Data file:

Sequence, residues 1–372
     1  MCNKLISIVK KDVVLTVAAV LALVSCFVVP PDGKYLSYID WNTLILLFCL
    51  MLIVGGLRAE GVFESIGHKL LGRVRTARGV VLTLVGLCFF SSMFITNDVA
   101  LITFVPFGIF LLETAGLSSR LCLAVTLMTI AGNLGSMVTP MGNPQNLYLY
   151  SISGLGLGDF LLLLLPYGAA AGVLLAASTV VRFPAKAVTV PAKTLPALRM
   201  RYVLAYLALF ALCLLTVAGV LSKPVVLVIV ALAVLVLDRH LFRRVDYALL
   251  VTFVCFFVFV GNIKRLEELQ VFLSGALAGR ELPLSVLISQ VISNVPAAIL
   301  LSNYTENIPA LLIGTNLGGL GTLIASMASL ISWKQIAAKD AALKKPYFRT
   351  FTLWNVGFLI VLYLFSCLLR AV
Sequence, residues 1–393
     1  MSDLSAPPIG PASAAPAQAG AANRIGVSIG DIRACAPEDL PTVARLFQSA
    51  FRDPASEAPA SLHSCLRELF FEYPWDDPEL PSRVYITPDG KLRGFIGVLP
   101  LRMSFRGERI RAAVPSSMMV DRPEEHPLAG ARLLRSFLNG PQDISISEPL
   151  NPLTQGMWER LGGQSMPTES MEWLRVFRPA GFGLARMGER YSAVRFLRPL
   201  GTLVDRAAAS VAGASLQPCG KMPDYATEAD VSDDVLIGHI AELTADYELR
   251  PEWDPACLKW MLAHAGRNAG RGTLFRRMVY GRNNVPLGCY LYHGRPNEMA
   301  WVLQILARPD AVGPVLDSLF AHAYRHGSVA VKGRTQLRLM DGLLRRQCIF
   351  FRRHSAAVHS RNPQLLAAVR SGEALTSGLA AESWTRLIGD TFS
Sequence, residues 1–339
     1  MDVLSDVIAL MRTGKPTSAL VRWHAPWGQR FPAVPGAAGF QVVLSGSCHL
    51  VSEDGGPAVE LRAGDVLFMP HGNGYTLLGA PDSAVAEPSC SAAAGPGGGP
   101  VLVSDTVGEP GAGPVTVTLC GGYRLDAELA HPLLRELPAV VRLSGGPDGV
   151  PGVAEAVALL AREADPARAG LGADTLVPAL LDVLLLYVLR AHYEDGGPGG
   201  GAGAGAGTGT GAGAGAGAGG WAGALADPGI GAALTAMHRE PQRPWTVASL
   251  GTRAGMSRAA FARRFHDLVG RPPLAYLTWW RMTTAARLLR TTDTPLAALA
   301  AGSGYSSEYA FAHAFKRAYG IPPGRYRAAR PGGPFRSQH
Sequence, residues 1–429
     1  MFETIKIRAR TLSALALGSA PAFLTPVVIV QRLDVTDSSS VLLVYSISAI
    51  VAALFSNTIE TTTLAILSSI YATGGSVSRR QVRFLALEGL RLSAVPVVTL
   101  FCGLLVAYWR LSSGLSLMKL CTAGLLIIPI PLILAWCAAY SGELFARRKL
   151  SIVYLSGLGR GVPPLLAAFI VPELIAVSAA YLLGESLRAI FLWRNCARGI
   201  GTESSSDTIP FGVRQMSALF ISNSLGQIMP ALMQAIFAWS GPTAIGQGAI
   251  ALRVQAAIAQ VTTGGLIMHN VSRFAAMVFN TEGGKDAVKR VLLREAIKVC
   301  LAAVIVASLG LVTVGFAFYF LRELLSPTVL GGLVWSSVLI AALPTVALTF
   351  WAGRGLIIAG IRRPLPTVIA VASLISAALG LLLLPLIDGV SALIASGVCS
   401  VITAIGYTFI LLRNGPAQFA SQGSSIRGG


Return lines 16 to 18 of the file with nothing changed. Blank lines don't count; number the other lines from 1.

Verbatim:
   251  PEWDPACLKW MLAHAGRNAG RGTLFRRMVY GRNNVPLGCY LYHGRPNEMA
   301  WVLQILARPD AVGPVLDSLF AHAYRHGSVA VKGRTQLRLM DGLLRRQCIF
   351  FRRHSAAVHS RNPQLLAAVR SGEALTSGLA AESWTRLIGD TFS